- April 2020 blog, Applying a public health approach to gun violence prevention
- April 2019 blog, Gun violence is a public health crisis. Here’s why
- October 2016 blog, Eight Actions Public Health Professionals Can Take to Stop Gun Violence
- Allchin A, Chaplin V, & Horwitz J. (2019). Limiting access to lethal means: applying the social ecological model for firearm suicide prevention. Injury Prevention.
- Branas CC, Flescher A, Formica MK, Galea S, Hennig N, Liller KD ... & Ying J. (2017). Academic public health and the firearm crisis: an agenda for action. American Journal of Public Health.
- Decker MR, Wilcox HC, Holliday CN, & Webster DW. (2018). An integrated public health approach to interpersonal violence and suicide prevention and response. Public Health Reports.
- Cook PJ. Expanding the public health approach to gun violence prevention. (2018). Annals of Internal Medicine.
- Hemenway D & Miller M. (2013). Public health approach to the prevention of gun violence. New England Journal of Medicine.
- McGinty EE, Siddiqi S, Linden S, Horwitz J, & Frattaroli S. (2019). Improving the use of evidence in public health policy development, enactment and implementation: a multiple-case study. Health Education Research.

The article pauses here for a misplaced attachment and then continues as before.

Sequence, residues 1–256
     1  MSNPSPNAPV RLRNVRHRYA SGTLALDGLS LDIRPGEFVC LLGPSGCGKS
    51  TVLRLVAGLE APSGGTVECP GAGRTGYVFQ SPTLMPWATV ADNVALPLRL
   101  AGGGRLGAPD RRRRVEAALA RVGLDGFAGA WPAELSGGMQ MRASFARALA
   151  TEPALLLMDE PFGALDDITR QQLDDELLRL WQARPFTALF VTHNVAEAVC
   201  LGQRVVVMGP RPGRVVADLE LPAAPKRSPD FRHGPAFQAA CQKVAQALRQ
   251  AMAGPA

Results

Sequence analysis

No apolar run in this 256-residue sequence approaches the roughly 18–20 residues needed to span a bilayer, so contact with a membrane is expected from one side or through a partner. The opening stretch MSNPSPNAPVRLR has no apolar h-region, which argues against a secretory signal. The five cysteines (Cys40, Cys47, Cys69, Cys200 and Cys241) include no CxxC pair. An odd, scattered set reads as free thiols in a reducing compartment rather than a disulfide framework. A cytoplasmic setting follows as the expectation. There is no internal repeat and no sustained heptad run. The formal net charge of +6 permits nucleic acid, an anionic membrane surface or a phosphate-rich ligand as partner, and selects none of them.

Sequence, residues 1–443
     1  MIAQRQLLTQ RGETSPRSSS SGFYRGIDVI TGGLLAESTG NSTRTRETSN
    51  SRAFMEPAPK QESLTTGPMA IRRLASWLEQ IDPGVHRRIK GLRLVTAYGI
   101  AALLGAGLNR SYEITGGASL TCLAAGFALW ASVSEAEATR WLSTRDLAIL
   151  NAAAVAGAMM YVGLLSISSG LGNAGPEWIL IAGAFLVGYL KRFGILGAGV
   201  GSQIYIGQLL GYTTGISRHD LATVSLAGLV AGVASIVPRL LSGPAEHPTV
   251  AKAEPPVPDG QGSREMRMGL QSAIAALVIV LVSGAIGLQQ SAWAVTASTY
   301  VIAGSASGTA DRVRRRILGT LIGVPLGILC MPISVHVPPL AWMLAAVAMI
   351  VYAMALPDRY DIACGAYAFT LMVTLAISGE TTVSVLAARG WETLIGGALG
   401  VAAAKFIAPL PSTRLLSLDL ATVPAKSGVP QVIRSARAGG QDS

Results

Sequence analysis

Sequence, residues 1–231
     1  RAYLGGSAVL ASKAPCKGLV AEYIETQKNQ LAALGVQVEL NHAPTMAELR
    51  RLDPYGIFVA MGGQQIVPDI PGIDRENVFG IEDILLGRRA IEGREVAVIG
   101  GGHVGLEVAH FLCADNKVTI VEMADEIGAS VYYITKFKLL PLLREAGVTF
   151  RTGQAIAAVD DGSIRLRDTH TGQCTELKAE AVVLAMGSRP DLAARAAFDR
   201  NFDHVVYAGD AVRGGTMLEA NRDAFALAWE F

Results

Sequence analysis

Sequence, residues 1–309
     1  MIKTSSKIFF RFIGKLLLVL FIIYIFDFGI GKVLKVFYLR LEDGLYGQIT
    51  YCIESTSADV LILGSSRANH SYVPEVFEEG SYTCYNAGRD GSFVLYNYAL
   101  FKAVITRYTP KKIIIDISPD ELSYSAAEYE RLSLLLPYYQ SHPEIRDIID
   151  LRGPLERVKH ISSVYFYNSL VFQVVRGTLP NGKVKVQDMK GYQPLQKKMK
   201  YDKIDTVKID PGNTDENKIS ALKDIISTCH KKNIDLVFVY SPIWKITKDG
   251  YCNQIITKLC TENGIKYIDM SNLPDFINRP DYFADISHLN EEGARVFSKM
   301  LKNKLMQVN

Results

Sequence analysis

- Mozaffarian D, Hemenway D, & Ludwig DS. (2013). Curbing gun violence: lessons from public health successes. Journal of the American Medical Association.
- Maa J & Darzi A. (2018). Firearm injuries and violence prevention—The potential power of a Surgeon General’s report. New England Journal of Medicine.
- Rajan S, Branas CC, Hargarten S, & Allegrante JP. (2018). Funding for gun violence research is key to the health and safety of the nation. American Journal of Public Health.
- Zeoli AM & Webster DW. (2019). Firearm policies that work. Journal of the American Medical Association.
- American Psychological Association: Gun Violence
- American Public Health Association: Gun Violence
- CDC Infographic: The Public Health Approach to Violence Prevention
- FACTS Consortium
- Harborview Injury Prevention & Research Center
- Johns Hopkins Center for Gun Policy and Research
- Reducing Gun Violence in America: Informing Policy with Evidence and Analysis
- Robert Wood Johnson Foundation: Gun Violence, a Public Health Epidemic
- Rutgers Center on Gun Violence Research
- Society for Advancement of Violence and Injury Research (SAVIR)
- Society for Public Health Education: Gun Violence Resolution
- University of California Firearm Violence Research Center (UCFC) and the BulletPoints Project
Last updated February 2021